An elevator in Chicago plummeted dozens of stories before stopping https://www.bbc.com/news/world-us-canada-46274458. I thought that old man Otis had solved that problem years ago, and that once tension in the cable is released brakes automatically stick out the sides to stop the elevator. What’s the deal?
Otis solved that problem. There are other, rarer, problems that can cause elevators to fall.
E.g. the brakes can also fail.
Indeed, Otis solved the problem in the 19th century with a failsafe grip system that could be understood easily and couldn’t possibly be disabled. In the past few decades, elevator companies, including Otis, have shifted to more subtle emergency braking systems, some of which rely on electronics and can be disabled for servicing. Here’s a Washington Post article describing modern systems.
And note that nobody was killed, or even injured in this incident. So you could say the fail-safe systems worked.
They fell from the 95th to the 11th floor before stopping. I’m sure that some underwear had to be changed.
Unless an elevator has a load in it will fall up not down.
1 cable breaking will not cause the elevator to fall.
The safety factor of elevators is so high that a car can be held if all but one of the cables break.
If an elevator fell from the 95th floor to the 11 floor It should not take hours for the fire department to get people out. They would not need to Cut a hole through the wall. Just use the Jaws of life and pry open the doors. And the picture that went with showed a bare cement block wall and a bare cement floor. In a high rise build.
If one cable broke and the elevator kept moving at some point the broken cable is going to start sliding off the traction wheel and fall down the shaft. A cable falling from 95+ floors is going to make a lot of noise going down the shaft and when it hits the top of the car it will be a very loud.
My SWAG something happened and the elevator motored down from the 95th floor to the 11 floor until one of the safeties tripped and shut down the elevator with a jerk.
I can not count the times I heard someone claim that the elevator they were in free fell and it did not.
My dad was in an old elevator where the cables did break. It free failed about 18 inches before the mechanical emergency breaks stopped the car.
I think the story is a made up story.
You’re assuming there was an opening for the elevator on that floor. Apparently, there wasn’t. From the Chicago Tribune, “The not-so-express elevator was stuck somewhere between the 95th floor and the lobby of Chicago’s fourth-tallest building, one of several cables holding it having broken. It was in a “blind shaft” with no openings firefighters could use to inspect it or reach the trapped — among them tourists from Mexico who had taken it from the Signature Room shortly after midnight.”
I have only been a few buildings with express elevators, so I did not think about by passed floors not having doors. But still in one of the pictures that I saw elsewhere the wall was a bare cement block wall and the floor was unfinished on the 11th floor of a completed high rise. That does not add up.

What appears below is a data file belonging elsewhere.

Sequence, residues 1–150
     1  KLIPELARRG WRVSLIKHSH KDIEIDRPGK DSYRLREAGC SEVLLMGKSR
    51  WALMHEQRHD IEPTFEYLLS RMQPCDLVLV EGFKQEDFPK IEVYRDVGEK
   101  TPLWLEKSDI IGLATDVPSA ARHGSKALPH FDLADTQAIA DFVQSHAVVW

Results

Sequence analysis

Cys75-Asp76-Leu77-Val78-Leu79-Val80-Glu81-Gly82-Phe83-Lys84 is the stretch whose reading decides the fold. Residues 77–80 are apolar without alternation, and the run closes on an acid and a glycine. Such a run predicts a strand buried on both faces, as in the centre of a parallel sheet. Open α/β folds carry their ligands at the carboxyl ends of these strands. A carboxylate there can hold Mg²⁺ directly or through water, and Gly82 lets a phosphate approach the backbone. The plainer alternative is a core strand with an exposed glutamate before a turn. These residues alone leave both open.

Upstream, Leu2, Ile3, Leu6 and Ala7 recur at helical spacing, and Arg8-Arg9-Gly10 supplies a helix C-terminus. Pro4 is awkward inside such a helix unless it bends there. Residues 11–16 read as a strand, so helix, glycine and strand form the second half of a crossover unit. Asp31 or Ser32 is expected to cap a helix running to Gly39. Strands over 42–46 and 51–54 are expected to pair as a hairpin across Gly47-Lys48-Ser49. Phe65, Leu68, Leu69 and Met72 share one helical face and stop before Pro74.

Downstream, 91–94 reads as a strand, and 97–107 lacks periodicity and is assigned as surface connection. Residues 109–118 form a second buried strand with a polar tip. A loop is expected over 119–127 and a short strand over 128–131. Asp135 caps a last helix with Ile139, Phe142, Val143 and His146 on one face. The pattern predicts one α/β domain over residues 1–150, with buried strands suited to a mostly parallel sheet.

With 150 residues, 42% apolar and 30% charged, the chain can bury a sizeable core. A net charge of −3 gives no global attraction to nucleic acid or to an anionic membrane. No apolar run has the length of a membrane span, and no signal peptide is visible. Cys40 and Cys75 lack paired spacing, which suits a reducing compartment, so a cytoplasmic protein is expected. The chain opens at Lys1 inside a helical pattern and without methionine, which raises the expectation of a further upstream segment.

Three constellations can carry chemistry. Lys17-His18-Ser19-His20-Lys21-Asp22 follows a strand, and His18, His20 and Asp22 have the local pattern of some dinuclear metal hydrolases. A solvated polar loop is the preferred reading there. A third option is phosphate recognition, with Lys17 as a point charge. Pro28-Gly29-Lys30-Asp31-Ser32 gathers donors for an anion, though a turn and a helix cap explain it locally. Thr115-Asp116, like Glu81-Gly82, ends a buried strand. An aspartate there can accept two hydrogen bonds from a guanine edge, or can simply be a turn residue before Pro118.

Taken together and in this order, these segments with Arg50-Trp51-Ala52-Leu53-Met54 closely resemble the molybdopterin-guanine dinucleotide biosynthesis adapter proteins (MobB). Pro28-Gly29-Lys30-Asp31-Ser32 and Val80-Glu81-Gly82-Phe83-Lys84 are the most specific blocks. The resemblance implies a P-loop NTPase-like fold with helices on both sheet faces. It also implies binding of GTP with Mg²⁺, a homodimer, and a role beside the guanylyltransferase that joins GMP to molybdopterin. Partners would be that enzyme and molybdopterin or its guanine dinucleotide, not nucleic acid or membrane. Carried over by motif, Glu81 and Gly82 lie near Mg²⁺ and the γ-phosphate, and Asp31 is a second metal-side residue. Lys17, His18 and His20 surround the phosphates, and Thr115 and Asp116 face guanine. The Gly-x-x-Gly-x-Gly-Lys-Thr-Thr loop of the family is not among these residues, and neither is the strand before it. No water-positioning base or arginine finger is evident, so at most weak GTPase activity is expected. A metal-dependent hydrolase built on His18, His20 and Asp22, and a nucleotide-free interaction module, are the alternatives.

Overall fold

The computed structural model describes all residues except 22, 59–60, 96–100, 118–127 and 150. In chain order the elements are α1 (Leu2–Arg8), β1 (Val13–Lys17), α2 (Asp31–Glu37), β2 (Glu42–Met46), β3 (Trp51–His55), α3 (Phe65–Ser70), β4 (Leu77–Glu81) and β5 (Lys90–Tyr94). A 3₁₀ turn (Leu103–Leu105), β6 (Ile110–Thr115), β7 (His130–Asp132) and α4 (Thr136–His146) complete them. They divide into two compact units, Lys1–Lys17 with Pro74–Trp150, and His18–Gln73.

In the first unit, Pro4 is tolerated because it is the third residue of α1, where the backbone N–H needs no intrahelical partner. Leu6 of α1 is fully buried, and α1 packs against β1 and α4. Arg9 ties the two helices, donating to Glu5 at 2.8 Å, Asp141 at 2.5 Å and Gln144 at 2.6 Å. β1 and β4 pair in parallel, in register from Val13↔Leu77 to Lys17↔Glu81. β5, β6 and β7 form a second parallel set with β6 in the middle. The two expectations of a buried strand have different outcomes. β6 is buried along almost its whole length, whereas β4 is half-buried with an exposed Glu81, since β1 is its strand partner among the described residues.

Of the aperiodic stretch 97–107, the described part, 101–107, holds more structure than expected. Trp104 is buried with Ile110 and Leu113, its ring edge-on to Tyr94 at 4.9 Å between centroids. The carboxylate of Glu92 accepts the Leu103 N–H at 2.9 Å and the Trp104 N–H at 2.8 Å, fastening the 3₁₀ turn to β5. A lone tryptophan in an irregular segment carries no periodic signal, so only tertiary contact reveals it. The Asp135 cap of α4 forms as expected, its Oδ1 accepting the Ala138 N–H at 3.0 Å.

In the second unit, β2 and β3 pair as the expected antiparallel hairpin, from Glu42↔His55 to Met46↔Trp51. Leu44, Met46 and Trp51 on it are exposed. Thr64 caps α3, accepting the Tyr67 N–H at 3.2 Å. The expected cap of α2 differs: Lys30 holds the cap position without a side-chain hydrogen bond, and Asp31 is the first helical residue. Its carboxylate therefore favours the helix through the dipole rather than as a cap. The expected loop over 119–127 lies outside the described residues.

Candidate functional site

Behind a paywall. You gotta pay the WaPost to read it.
Behind a paywall. You gotta pay the ChiTrib to read it.
What’s the world coming to, with no free news anymore?
According to press reports, the fire department broke through from a parking garage, which probably explains the “unfinished floor” you perceived.
They fell 84 floors before the fail-safe systems kicked in. If they had started on the 83rd floor they would have impacted the ground. I wouldn’t call 83 floors of fail-safe systems failing to do anything ‘working’. It’s a ‘thank-fuck-it-finally-worked’ system.
Did not see that in any of the reports I read. But Garage above the 11th floor?
The elevator would have stopped by end of shaft safeties before it impacted the ground. The safeties would have shut the motor and generator down, and the elevator motor brakes would have stopped the car.
The garage starts on the 6th floor. It’s accessed by a spiral ramp next to the building.
I too doubt that the elevator ‘plummeted’.
I would say that it descended normally and then, when the cable failed (or whatever), the cabin dropped a short distance before the safeties kicked in.
Dumb question (or maybe not)…
Why can’t there be a big, cushiony object at the bottom of each shaft to absorb the impact of a free-falling elevator car?
I’m thinking of specialized barriers I see near concrete structures on highways that are designed to absorb (some of) the impact of a moving vehicle.
I’m about the last thing from an elevator expert. However, one possible answer–which holds true for a LOT of things–is that it simply is not worth the expense to install equipment to mitigate every possible scenario.
There is, at least on some elevators. Though I don’t think they are designed to safely stop an elevator free-falling from the top.
Looking at the humongous air mattresses used for saving the lives of stuntpersons, I cannot imagine what it would take to safely slow down a very heavy elevator filled with people free-falling fifty or more stories